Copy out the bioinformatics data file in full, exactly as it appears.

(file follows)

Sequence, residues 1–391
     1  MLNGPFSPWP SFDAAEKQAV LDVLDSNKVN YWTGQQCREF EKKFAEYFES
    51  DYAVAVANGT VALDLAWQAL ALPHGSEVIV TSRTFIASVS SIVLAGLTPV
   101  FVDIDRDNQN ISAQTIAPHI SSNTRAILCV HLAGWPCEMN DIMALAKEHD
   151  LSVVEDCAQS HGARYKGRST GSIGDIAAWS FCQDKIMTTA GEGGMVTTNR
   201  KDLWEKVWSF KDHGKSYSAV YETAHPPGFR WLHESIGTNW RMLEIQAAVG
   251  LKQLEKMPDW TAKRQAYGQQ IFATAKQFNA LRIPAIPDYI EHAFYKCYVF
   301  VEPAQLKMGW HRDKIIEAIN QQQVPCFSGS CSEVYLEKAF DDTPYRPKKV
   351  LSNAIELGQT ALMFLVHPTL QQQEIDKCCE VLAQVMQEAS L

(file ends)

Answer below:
Sequence, residues 1–391
     1  MLNGPFSPWP SFDAAEKQAV LDVLDSNKVN YWTGQQCREF EKKFAEYFES
    51  DYAVAVANGT VALDLAWQAL ALPHGSEVIV TSRTFIASVS SIVLAGLTPV
   101  FVDIDRDNQN ISAQTIAPHI SSNTRAILCV HLAGWPCEMN DIMALAKEHD
   151  LSVVEDCAQS HGARYKGRST GSIGDIAAWS FCQDKIMTTA GEGGMVTTNR
   201  KDLWEKVWSF KDHGKSYSAV YETAHPPGFR WLHESIGTNW RMLEIQAAVG
   251  LKQLEKMPDW TAKRQAYGQQ IFATAKQFNA LRIPAIPDYI EHAFYKCYVF
   301  VEPAQLKMGW HRDKIIEAIN QQQVPCFSGS CSEVYLEKAF DDTPYRPKKV
   351  LSNAIELGQT ALMFLVHPTL QQQEIDKCCE VLAQVMQEAS L